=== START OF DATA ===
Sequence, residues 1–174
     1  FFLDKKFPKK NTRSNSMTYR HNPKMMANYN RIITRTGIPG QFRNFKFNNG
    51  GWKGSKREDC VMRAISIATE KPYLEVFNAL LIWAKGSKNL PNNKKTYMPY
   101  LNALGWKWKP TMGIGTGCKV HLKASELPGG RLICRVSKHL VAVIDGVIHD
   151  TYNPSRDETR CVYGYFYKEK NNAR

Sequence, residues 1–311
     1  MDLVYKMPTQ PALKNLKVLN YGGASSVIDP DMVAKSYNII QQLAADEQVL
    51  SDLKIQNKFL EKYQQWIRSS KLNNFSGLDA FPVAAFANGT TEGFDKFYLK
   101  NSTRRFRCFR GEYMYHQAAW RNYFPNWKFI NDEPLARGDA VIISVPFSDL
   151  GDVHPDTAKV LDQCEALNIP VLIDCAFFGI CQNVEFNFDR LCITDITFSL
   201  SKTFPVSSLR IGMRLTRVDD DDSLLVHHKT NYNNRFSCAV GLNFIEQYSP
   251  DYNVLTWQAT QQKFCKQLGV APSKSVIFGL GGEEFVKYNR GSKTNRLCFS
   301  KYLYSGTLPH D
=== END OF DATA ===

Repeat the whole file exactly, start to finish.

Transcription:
Sequence, residues 1–174
     1  FFLDKKFPKK NTRSNSMTYR HNPKMMANYN RIITRTGIPG QFRNFKFNNG
    51  GWKGSKREDC VMRAISIATE KPYLEVFNAL LIWAKGSKNL PNNKKTYMPY
   101  LNALGWKWKP TMGIGTGCKV HLKASELPGG RLICRVSKHL VAVIDGVIHD
   151  TYNPSRDETR CVYGYFYKEK NNAR

Sequence, residues 1–311
     1  MDLVYKMPTQ PALKNLKVLN YGGASSVIDP DMVAKSYNII QQLAADEQVL
    51  SDLKIQNKFL EKYQQWIRSS KLNNFSGLDA FPVAAFANGT TEGFDKFYLK
   101  NSTRRFRCFR GEYMYHQAAW RNYFPNWKFI NDEPLARGDA VIISVPFSDL
   151  GDVHPDTAKV LDQCEALNIP VLIDCAFFGI CQNVEFNFDR LCITDITFSL
   201  SKTFPVSSLR IGMRLTRVDD DDSLLVHHKT NYNNRFSCAV GLNFIEQYSP
   251  DYNVLTWQAT QQKFCKQLGV APSKSVIFGL GGEEFVKYNR GSKTNRLCFS
   301  KYLYSGTLPH D